In October 1920 Russian and Soviet physicist and inventor Lev Sergeevich Termen, known in the West as Léon Theremin, working at the Ioffe Physical-Technical Institute of the Russian Academy of Sciences in Saint Petersburg, invented the Theremin, one of the first electronic musical instruments, and the first musical instrument that was played without being touched. The instrument was invented as the result of research into proximinity sensors. It was originally known as the ætherphone/etherphone, thereminophone or termenvox/thereminox.
"The controlling section usually consists of two metal antennas which sense the position of the player's hands and control radio frequency oscillator(s) for frequency with one hand, and volume with the other. The electric signals from the theremin are amplified and sent to a loudspeaker. The theremin is an electrophone, a subset of the quintephone family.
"To play, the player moves his or her hands around the antennas, controlling frequency (pitch) and amplitude (volume). The theremin is associated with an "eerie" sound, which has led to its use in moviesoundtracks such as those in Spellbound, The Lost Weekend, and The Day the Earth Stood Still. Theremins are also used in art music (especially avant-garde and 20th century "new music") and in popular music genres such as rock."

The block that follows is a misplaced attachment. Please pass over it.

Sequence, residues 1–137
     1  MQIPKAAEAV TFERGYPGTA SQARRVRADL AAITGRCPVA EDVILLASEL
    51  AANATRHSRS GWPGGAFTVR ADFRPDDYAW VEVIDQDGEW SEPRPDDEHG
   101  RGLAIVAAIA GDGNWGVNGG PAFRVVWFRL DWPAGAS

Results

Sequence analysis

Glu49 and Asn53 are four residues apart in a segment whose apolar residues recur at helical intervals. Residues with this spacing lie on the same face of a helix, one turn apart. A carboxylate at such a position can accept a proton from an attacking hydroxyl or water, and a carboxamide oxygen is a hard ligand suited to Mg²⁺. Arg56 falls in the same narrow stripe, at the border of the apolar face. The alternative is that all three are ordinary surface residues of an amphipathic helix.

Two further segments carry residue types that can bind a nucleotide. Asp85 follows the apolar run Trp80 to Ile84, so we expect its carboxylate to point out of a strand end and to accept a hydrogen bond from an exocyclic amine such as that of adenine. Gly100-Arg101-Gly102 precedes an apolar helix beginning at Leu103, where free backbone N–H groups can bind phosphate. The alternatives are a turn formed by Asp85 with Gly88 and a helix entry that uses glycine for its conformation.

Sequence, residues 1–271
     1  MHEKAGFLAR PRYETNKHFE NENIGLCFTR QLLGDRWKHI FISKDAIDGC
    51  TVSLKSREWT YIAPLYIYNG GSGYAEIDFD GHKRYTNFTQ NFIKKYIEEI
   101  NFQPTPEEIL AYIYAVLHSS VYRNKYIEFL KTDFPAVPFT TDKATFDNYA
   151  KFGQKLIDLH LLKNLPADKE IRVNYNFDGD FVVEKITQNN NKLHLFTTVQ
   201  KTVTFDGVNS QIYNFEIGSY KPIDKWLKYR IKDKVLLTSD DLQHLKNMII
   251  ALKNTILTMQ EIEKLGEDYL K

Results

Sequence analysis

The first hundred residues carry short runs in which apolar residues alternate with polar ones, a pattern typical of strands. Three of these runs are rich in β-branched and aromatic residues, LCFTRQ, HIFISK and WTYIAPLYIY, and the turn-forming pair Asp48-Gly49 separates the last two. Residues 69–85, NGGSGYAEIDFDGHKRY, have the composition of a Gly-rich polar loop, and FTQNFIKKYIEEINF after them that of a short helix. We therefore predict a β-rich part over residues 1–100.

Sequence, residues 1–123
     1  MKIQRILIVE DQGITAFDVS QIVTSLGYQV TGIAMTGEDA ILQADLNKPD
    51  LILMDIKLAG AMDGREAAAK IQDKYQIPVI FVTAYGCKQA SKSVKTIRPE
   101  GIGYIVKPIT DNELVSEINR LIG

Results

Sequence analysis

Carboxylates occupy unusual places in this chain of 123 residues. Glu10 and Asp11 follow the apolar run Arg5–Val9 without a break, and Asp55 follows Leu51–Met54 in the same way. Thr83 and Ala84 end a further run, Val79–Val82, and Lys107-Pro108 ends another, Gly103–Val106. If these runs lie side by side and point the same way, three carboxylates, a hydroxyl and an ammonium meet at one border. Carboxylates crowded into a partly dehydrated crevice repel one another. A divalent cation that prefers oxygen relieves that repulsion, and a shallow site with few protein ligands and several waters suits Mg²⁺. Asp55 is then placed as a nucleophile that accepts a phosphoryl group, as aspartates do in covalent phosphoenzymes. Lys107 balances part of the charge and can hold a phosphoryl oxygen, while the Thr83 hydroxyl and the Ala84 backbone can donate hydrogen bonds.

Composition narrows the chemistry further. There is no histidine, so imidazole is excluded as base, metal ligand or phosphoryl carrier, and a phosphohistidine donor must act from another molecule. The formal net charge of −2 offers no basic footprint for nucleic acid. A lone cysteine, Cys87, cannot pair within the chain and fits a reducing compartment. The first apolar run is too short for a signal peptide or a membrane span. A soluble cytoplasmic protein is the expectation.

". . . After positive reviews at Moscow electronics conferences, Theremin demonstrated the device to Bolshevik leader Vladimir Lenin. Lenin was so impressed with the device that he began taking lessons in playing it, commissioned six hundred of the instruments for distribution throughout the Soviet Union, and sent Theremin on a trip around the world to demonstrate the latest Soviet technology and the invention of electronic music. After a lengthy tour of Europe, during which time he demonstrated his invention to packed houses, Theremin found his way to the United States, where he patented his invention in 1928 ( ). Subsequently, Theremin granted commercial production rights to RCA."
"The Moog Music story begins in 1954, when a young Bob Moog began building theremins, one of the oldest electronic instruments, and the only one known that you play without touching, in his basement with his father. For the uninitiated, the theremin is a single oscillator instrument that uses two metal rod antennas to control pitch and amplitude. The left antenna (a horizontal hoop) reduces the amplitude as the left hand is moved closer to it, while the right antenna (a vertical pole) increases the pitch as the right hand is moved towards it. For the last 57 years, the company Bob Moog founded has sold more theremins to more professionals than anyone in history. When it comes to quality, dependability, and tone, no one can touch the Etherwave Theremin."
(This entry was last revised on 04-29-2014.)